Britain’s gloomy winters mean that many people want to do nothing more than sit in front of the fire with a box of chocolates and a glass of wine. However, when the sun finally emerges in summertime, it inspires a different sentiment in us all, with warm weather making us want to head outdoors and get fit. Walking, jogging and cycling can also be really social activities – giving you a chance to catch up with friends while losing some of those winter pounds. However, after a winter of indulgence, it can be a bit of a daunting prospect and people may not know where to start, so here at Staysure, we have put together a few ideas of how you can get healthy this season.
There is no reason that exercise has to be intimidating, and walking is a great cardiovascular workout that people can tailor to their own fitness levels. Summer is a fantastic time to take up walking, when the weather is pleasant and the countryside is in full bloom. If it’s been a while since you exercised at all then why not start with a five minute walk every day, before building on this when you feel more confident. Recording all your times and distances can give you a goal to work towards as well as a sense of achievement when you get there.
When walking it is important to keep hydrated by drinking water before, during and after your hike. Other tips include breathing evenly and deeply throughout, maintaining a tall posture, keeping your toes in line with your knees and pulling your stomach in to help support your back.
Once walking no longer phases you, or if you feel you need more of a challenge, then jogging could be the next step. Before setting off on a jog, a warm up activity like brisk walking is important to ensure you don’t pull any muscles, and when you’re finished, five minutes of stretching will prevent cramp from occurring.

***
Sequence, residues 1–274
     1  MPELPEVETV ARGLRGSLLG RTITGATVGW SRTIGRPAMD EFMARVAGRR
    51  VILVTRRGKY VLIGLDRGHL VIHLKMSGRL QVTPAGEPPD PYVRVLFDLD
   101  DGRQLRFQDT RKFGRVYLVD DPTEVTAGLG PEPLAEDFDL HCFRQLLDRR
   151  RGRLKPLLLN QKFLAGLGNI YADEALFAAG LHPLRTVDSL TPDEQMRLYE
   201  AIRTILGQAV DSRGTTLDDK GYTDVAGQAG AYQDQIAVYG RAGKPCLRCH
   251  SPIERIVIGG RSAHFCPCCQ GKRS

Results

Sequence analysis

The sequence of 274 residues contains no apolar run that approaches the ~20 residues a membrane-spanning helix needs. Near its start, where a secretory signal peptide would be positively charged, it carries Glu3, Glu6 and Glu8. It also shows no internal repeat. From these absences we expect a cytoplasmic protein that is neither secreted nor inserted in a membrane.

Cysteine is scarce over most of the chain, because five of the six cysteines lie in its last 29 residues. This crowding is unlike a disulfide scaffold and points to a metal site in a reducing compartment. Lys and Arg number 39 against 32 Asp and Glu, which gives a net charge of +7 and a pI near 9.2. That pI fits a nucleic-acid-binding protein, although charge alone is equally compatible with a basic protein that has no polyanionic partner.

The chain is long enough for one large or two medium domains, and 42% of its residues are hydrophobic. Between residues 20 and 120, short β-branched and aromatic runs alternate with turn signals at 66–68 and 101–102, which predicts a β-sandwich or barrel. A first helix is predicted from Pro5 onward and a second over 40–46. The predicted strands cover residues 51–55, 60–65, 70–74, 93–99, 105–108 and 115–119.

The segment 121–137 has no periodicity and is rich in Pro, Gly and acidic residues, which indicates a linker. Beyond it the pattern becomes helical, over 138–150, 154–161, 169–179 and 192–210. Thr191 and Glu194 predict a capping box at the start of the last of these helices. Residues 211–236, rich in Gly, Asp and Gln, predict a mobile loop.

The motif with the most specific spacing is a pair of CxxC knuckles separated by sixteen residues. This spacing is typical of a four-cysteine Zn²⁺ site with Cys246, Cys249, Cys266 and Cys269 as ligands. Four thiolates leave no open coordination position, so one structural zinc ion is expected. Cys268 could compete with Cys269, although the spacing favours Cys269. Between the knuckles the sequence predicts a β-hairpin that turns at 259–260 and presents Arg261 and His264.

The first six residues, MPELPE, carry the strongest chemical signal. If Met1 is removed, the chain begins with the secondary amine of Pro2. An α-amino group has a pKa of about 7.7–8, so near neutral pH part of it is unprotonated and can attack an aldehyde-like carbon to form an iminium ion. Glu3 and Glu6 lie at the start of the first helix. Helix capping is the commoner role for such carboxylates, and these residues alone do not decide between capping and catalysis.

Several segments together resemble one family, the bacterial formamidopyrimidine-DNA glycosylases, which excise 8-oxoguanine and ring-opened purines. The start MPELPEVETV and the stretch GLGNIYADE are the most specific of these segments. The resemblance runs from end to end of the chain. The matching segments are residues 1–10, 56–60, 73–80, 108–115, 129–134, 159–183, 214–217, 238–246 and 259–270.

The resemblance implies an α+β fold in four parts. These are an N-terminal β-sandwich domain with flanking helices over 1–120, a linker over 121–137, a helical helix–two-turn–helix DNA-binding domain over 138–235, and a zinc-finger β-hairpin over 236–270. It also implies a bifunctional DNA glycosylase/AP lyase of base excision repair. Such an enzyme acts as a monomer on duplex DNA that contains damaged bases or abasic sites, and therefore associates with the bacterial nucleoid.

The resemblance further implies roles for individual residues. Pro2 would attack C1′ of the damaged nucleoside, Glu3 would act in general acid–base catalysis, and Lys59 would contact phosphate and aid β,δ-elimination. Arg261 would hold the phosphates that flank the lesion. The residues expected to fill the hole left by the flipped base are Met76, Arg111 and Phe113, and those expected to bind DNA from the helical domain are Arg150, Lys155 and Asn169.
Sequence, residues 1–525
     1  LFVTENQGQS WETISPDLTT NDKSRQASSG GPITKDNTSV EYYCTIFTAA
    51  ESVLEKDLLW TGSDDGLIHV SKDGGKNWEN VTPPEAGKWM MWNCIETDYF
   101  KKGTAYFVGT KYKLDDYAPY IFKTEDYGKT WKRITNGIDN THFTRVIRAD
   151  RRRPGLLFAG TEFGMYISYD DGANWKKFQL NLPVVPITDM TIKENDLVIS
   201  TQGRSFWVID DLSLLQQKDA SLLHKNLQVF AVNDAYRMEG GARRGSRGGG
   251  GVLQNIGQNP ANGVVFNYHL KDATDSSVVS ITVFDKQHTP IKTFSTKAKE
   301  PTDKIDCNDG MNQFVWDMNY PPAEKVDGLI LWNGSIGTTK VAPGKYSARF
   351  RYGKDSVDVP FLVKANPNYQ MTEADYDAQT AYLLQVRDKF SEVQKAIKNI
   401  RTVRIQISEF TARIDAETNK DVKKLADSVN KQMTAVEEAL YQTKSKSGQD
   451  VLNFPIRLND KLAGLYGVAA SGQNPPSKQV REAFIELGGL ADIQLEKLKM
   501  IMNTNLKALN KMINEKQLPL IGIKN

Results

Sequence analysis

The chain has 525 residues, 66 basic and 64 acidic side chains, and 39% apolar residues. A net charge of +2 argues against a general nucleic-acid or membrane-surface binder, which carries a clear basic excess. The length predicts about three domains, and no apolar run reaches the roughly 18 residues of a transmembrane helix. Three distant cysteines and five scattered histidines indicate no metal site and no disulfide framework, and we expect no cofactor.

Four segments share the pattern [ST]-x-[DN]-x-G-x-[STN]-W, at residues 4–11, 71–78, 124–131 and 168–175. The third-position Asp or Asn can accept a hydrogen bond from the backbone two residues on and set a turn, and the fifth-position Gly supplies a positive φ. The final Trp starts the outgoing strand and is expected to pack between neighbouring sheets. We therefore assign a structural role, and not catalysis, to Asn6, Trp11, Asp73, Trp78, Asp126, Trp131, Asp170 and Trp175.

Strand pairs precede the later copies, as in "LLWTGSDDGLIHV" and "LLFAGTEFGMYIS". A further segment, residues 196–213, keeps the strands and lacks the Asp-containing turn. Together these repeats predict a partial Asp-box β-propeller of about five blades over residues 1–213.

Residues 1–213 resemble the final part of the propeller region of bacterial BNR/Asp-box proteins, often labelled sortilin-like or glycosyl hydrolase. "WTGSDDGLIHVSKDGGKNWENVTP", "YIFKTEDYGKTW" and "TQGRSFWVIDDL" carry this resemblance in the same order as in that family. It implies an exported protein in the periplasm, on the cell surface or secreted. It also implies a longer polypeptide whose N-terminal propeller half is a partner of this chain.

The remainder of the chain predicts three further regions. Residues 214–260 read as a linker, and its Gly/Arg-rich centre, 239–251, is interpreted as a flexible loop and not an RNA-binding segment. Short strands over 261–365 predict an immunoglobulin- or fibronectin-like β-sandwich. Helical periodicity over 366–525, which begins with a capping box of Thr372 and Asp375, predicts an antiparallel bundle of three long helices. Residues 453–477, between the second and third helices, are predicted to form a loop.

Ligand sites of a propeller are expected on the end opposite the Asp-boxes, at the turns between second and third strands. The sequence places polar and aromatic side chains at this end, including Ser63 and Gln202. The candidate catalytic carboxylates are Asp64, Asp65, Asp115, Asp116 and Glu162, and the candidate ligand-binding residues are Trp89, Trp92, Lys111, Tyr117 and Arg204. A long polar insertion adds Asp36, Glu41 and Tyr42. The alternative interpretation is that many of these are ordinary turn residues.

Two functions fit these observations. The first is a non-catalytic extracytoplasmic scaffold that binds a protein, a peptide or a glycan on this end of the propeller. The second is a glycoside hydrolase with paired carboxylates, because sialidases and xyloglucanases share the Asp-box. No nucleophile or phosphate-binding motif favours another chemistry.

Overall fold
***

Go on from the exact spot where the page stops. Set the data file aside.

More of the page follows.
As a beginning, the best thing to do is alternate between jogging and brisk walking. As your body is yet to adapt to running, doing two minutes of jogging and five minutes of walking to begin with will help ease you into it. This can then be altered depending on how fit you are. After the first two or three weeks, if you feel ready for a bigger challenge then increase your mileage and intensity so the activity is still giving you a good work out.
Cycling is a fantastic summer activity and a lot of fun, with plenty of parks and gardens to pedal your way through. It is a low-impact activity which is particularly easy on the joints and therefore is a great option if you have arthritis (consider covering your arthritis-related costs if you’re heading for a cycling trip).
While arthritis makes exercise harder it is essential that people with the condition make an effort to keep fit, as a sedentary lifestyle is known to worsen symptoms.
4. Tai Chi
Tai Chi is another option for people looking for low-impact forms of exercise. The gentle martial arts exercise has origins in ancient China, and involves fluid and flowing circular movements known to help the practitioner relax, maintain mobility and improve their range of motion. Tai Chi classes can also be a great way to socialise and learn a new skill to be proud of.